Care Options for Your Parents
Oct. 21, 2020
As the baby boomers move into retirement, it’s common for these older adults to have trouble checking off the chores of daily life, such as cooking, cleaning, using medical equipment and more.
If your parents are struggling, it may be time to consider introducing some help. However, it’s important to keep their safety in mind while weighing out your options.
If your parents live near to you or feel especially attached to their home, you may consider bringing help. For those who require hospice care or are nearing a very late stage in life, moving to a new home also may not make sense.
However, it’s paramount to properly vet the in-home caregiver you are considering. Elder abuse is extremely unreported and can easily go unnoticed. Some experts predict at least 1 of every 10 elder adults has experienced some type of elder abuse. Other research suggests that financial abuse is often perpetrated by friends or family.
If you’re considering hiring a live-in nurse, make sure you are familiar with the different types of caregivers, along with what types of qualifications they have. Make sure to have private meetings with your parents to check in on how things are going and ensure the nurse cannot access your parent’s check book, credit card, personal information, estate plan, etc.
Assisted living communities are a great option for elder adults who are still independent. Depending on the home you choose, you may be able to increase or decrease the level of assisted care your parent receives. For example, some adults may only need help doing laundry and other cleaning. However, if they should need medical assistance in the future, it’s easily assessable.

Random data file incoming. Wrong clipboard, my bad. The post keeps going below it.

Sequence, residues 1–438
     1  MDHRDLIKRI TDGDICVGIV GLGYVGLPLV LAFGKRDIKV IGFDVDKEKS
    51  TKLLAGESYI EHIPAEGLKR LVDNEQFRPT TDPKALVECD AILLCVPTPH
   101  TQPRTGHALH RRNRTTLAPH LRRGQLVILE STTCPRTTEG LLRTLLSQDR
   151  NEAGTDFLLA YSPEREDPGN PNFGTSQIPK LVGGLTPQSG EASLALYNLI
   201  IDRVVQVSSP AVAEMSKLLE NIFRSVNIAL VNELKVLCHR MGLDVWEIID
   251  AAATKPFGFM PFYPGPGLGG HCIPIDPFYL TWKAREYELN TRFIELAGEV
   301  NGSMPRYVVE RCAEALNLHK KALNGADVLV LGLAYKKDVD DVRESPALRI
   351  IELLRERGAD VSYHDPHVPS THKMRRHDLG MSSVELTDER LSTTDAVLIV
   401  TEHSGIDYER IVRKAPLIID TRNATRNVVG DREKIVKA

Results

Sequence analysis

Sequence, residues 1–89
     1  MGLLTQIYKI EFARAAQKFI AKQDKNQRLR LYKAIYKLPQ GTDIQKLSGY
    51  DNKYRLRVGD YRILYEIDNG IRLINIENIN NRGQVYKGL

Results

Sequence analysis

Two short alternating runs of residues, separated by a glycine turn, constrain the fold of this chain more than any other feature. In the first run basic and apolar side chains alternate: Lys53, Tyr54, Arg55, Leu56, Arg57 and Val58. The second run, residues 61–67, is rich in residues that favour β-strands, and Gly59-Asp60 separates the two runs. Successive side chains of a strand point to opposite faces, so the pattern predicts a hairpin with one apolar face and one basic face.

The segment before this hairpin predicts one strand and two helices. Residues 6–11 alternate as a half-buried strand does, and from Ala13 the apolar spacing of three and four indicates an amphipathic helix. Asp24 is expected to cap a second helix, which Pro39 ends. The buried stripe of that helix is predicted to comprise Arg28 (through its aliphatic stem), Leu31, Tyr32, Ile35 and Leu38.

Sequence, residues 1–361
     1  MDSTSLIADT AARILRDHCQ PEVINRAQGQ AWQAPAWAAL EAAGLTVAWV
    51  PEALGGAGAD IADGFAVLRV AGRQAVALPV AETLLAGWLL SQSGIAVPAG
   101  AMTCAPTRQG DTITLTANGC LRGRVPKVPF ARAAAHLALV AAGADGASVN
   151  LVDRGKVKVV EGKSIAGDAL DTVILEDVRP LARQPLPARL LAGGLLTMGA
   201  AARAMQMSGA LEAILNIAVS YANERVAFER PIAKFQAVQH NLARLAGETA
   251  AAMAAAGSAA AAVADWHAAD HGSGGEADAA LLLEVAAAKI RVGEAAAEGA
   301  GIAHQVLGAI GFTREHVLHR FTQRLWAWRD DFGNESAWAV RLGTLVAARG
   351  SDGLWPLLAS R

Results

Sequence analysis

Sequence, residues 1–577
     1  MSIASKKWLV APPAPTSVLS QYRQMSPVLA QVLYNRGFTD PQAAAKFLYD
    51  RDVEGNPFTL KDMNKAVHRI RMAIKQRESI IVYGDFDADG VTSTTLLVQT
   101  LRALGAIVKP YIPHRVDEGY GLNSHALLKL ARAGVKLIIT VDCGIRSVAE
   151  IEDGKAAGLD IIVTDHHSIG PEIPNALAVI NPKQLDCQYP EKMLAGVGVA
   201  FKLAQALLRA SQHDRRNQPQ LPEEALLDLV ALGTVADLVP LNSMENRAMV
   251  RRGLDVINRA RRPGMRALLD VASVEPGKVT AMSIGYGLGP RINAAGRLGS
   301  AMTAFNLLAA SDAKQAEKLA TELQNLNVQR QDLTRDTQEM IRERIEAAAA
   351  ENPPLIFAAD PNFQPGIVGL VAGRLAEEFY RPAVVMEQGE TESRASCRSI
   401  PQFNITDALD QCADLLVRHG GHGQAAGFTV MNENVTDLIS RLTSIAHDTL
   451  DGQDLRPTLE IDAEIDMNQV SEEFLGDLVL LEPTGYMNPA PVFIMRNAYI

One of the biggest advantages of these types of care facilities is the communal aspect. Elder adults with wide social groups are more likely to speak up if a situation of abuse occurs. For this reason, make sure to keep the sense of community at the establishment a top concern while viewing prospects. Ask about card clubs, brunches, game nights, party rooms, casino trips and more. Also, be sure to encourage your parents to take part in the community.
It can be difficult to tell the difference between assisted living and a nursing home. Nursing homes are very similar to assisted living, except that the assistance provided is usually constant and often requires more medical knowledge.
If it seems like your parent needs someone with him or her all of the time to stay safe, this may be the best option. Nursing homes, however, have a bad reputation for being much less social for this reason. Elder adults in these situations are also often vulnerable and can be taken advantage of by someone who is with them all of the time.
No matter which option you choose, it’s important to maintain consistent, private contact with your loved one to ensure you are able to see or hear about any instances of abuse. Should your parent fall victim to even one instance of any type of financial, verbal, physical or sexual abuse, take action immediately by calling an elder law attorney for help.